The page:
On one hand, some clients may look at market performance over the past few years and unrealistically conclude that the rally shows that equities are likely to continue to provide stellar returns with minimal volatility. On the other hand, some risk-averse clients may use the rally to justify avoiding equities. Buying equities now, with markets at record high levels, they may argue, is simply entering the market at a peak, which is a classic mistake that can result in negative returns, at least over the short term.
The negative consequences of either school of thought can be considerable. Investors who jump into markets with optimism based on past performance rather than having long-term strategic goals are susceptible to panic selling during market turmoil. In doing so, they are likely to realize considerable losses.
Meanwhile, investors dominated by pessimism regarding the markets’ future may fail to reach their long-term savings goals by investing primarily in less aggressive assets that are less likely to generate attractive long-term gains.
Yet, investors’ reactions to new market highs are providing an opportunity for advisors to deliver value to clients by encouraging investors to take a long-term strategy approach to equities rather than make emotionally-driven and counterproductive decisions. For both optimistic and pessimistic investors, advisors should focus on the long-term track record of equities. More specifically, advisors should make sure that overly optimistic clients understand they will need to ride out market volatility. The goal is to make sure that clients understand the need to tolerate market volatility without causing clients to become overly fearful of market declines.
When meeting with overly optimistic clients, advisors should use graphs that illustrate long-term market performance. In the process, they should show clients that even during prolonged bull markets, equities have experienced substantial declines.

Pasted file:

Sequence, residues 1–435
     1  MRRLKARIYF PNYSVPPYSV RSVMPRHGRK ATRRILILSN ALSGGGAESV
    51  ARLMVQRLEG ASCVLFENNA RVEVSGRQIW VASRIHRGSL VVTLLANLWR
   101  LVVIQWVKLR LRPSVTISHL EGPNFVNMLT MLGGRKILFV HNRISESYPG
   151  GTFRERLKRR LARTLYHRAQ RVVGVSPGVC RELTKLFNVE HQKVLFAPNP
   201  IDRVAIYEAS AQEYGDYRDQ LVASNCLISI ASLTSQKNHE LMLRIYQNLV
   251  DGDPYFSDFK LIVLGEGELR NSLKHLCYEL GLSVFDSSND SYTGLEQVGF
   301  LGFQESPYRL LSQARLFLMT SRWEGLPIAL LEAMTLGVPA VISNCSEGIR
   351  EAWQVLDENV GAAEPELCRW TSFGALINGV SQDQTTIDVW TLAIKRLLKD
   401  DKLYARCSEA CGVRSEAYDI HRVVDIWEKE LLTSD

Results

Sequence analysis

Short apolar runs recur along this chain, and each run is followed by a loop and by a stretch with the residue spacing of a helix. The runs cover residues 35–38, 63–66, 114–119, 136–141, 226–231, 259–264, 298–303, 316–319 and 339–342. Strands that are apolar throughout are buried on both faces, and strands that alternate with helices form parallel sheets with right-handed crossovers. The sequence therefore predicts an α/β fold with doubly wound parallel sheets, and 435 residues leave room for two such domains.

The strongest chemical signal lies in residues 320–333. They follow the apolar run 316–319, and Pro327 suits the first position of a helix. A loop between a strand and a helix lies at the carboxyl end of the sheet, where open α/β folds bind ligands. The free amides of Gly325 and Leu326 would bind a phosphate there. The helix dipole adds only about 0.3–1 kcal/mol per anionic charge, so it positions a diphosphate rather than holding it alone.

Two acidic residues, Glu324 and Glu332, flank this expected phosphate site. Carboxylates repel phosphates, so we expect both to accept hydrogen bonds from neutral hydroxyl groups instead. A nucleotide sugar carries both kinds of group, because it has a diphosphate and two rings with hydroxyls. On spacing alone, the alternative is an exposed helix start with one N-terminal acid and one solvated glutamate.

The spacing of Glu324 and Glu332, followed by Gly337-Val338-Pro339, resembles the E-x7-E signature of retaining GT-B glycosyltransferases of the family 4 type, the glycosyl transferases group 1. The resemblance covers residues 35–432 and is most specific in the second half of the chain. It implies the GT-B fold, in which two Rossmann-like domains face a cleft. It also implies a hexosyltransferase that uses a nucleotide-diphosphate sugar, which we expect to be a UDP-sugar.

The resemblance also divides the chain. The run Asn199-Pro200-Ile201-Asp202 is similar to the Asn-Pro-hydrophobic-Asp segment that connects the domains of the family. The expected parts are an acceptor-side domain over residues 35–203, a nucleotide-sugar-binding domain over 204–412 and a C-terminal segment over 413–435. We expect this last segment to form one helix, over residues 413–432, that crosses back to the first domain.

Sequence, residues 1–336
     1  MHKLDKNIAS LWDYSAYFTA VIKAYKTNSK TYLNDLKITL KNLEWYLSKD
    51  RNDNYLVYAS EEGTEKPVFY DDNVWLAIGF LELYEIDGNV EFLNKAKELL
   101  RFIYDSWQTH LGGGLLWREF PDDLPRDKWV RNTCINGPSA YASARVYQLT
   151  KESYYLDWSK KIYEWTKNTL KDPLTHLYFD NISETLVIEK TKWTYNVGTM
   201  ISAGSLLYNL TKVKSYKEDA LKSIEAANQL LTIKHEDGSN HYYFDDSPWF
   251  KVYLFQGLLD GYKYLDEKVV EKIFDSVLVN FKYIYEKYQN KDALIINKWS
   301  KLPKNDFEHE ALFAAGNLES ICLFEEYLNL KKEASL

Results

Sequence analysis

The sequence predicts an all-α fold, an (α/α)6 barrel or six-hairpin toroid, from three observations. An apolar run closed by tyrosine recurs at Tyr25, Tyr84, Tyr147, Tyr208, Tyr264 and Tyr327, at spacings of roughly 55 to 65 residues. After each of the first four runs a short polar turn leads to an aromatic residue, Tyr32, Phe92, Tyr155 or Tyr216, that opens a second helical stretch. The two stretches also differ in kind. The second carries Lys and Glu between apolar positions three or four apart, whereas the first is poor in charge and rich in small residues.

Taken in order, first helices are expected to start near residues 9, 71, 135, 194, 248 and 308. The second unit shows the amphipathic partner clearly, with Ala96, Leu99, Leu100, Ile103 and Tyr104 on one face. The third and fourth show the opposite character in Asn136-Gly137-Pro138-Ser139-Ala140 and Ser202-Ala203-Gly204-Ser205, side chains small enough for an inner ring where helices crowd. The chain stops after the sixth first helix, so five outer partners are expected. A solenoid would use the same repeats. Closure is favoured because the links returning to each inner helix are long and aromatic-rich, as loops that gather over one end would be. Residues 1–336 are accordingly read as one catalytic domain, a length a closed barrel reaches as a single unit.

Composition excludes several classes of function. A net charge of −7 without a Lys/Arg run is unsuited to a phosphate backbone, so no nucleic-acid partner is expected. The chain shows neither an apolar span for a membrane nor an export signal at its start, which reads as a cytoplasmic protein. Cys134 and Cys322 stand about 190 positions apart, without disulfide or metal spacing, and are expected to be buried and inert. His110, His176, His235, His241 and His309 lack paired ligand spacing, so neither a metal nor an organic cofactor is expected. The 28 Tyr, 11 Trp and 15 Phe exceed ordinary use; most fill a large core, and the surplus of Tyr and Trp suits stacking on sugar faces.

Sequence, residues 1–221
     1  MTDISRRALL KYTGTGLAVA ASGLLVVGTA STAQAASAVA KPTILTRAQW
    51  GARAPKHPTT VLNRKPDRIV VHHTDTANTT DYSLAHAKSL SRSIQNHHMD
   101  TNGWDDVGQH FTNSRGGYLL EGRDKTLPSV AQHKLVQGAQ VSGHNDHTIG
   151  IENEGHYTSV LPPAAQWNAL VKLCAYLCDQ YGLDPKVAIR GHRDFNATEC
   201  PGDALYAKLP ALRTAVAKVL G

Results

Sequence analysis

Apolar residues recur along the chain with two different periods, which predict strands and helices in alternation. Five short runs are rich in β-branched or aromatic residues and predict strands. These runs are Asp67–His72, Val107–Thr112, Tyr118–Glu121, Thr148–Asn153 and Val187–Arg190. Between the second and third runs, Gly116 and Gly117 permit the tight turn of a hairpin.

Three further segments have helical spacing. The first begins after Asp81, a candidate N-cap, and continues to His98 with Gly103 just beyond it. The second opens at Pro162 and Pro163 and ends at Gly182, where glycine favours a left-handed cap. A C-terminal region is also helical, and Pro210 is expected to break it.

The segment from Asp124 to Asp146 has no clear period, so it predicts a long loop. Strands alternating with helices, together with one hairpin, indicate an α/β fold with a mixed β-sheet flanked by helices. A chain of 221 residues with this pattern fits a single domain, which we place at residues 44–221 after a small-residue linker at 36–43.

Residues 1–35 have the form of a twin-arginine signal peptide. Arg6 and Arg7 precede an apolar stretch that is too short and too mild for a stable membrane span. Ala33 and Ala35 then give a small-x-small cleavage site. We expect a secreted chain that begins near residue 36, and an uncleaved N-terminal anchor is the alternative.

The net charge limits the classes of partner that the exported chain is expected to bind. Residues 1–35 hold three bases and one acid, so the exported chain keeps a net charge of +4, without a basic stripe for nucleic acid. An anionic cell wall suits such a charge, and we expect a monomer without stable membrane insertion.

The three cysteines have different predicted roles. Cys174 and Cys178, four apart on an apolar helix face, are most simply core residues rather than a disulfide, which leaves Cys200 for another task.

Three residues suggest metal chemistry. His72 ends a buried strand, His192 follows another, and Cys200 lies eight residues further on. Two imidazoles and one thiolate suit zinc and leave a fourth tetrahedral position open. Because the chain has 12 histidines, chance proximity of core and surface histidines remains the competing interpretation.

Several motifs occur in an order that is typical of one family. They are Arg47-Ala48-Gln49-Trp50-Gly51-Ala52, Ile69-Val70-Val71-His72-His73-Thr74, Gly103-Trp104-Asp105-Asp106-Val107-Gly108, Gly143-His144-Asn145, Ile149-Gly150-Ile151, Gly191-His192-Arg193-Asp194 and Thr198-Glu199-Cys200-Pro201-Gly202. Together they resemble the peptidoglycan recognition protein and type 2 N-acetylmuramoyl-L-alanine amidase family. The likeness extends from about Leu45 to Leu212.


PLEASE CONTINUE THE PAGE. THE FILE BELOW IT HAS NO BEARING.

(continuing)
Rather than limiting the discussion to vague terms, however, advisors should quantify the impact of past market declines in dollar values based on the amount of a client’s investable assets and show how declines in portfolio values during prior market dips would have been determined, in part, by an investor’s asset allocation.
As an example, an advisor may want to estimate the dollar value of declines of a $100,000 equity portfolio from recent market dips. At the same time, the advisor should show how the impact of the market decline would be muted by including bonds, international equities and alternative investments in a portfolio.
The presentations, of course, should illustrate the benefits of riding out market declines by showing how equities, over the long term, have outperformed other asset classes. Advisors can also illustrate the impact of panic selling during market declines by citing Dalbar research that claims excessive trading by mutual fund shareholders resulted in the average retail investor underperforming the S&P 500 by 7.85% in 2011.
For risk-averse investors, advisors need to take a similar long-term approach when discussing equity performance. In the process, advisors should acknowledge that equities may be more likely to decline after markets have hit new highs than during more normal periods.
Yet, the impact of those declines can be mitigated by riding out market declines. Advisors should also provide illustrations that show that investing during prior market peaks and maintaining a long term perspective by riding out subsequent market declines has frequently resulted in equities outperforming other asset classes once bull markets return.
Advisors can also provide projections of the growth of clients’ savings based on different asset allocations. Advisors may also want to encourage their clients to use dollar cost averaging, which entails spreading purchases of equities over time, rather than making a lump sum purchase. While dollar cost averaging can hurt performance when markets rally, it can help lessen the impact of market declines.